Easter 3 April 26, 2009

Acts 3:12-19                                                                        

1 John 3:1-7                                                                        

Luke 24:36b-48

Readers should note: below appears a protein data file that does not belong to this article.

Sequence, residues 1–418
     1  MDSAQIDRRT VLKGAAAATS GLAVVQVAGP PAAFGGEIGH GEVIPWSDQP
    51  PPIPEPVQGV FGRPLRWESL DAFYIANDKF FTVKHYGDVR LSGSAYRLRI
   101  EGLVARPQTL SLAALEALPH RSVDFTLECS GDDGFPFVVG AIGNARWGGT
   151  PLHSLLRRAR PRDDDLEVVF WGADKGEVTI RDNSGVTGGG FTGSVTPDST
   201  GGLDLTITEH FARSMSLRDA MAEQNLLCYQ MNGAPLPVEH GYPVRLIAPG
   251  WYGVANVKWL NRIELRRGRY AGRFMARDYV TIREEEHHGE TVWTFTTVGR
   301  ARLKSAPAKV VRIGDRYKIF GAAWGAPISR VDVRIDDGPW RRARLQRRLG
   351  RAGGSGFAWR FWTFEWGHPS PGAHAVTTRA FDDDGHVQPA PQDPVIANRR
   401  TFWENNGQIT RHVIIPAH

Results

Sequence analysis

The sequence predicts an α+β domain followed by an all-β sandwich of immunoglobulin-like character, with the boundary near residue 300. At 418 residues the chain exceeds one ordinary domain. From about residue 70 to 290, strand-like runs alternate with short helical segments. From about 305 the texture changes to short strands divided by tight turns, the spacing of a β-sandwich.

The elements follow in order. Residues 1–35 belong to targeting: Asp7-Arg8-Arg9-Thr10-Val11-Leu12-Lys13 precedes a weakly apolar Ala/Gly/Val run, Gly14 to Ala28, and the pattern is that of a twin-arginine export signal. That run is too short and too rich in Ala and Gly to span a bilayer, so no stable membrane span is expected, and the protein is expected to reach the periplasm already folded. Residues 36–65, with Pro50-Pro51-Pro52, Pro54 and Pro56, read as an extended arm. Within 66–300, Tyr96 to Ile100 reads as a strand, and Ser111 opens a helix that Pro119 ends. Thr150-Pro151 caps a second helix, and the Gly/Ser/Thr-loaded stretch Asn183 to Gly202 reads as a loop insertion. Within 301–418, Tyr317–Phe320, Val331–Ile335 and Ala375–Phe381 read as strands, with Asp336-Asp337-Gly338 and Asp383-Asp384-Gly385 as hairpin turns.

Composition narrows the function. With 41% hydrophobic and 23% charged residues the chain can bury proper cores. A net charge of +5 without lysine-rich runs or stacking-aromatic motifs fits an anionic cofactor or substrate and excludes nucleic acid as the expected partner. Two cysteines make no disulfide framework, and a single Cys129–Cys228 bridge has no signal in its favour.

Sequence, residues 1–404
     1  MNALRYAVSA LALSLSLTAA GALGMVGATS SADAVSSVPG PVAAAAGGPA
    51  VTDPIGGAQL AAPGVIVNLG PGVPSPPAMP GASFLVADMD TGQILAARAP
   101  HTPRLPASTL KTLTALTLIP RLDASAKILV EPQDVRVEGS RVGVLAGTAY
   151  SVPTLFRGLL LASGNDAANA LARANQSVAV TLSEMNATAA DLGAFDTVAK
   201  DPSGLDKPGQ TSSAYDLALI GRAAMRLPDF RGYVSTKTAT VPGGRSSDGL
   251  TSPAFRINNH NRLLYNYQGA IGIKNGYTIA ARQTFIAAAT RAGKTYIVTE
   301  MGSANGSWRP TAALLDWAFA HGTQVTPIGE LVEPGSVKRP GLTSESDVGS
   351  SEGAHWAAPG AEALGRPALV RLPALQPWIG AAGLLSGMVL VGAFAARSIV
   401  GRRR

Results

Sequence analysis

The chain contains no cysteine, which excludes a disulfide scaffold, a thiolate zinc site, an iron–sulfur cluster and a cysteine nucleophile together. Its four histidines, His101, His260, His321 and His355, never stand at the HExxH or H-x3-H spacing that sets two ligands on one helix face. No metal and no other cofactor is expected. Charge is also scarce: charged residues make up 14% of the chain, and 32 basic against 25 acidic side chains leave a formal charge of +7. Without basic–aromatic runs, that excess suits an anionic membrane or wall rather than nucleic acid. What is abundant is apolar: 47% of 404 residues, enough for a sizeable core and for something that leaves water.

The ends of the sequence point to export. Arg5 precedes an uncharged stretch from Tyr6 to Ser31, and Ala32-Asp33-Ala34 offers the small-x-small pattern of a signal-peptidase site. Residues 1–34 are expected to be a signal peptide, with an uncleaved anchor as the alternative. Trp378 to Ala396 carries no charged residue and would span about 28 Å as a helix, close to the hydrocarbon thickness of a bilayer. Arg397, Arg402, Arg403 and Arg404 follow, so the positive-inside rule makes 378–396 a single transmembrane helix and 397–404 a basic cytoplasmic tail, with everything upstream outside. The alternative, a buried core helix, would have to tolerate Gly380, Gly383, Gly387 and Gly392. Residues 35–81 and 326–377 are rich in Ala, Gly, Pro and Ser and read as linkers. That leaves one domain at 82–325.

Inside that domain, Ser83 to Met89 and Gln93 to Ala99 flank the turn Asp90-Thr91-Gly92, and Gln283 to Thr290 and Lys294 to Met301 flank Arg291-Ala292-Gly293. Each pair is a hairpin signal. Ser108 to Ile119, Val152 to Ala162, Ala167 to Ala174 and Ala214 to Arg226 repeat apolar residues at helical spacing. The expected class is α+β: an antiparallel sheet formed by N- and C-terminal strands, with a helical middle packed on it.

It would have been very easy for the first followers of Jesus to have spoken of him simply as a great teacher, a holy man who exemplified everything we should be in our lives. That would have gone down more smoothly in their day, as it certainly does in ours, where many people believe just that. But this is not the Jesus to whom the earliest witnesses testify. They give us this risen Christ—a human being crucified, wounded in hands and feet and side, but a human being raised from the dead, a physical presence who ate physical food and whose physical body could be touched, particularly his wounds. A human being who was thus also the Son of God. This resurrection reality is what the first followers insisted upon, what they were persecuted and died for.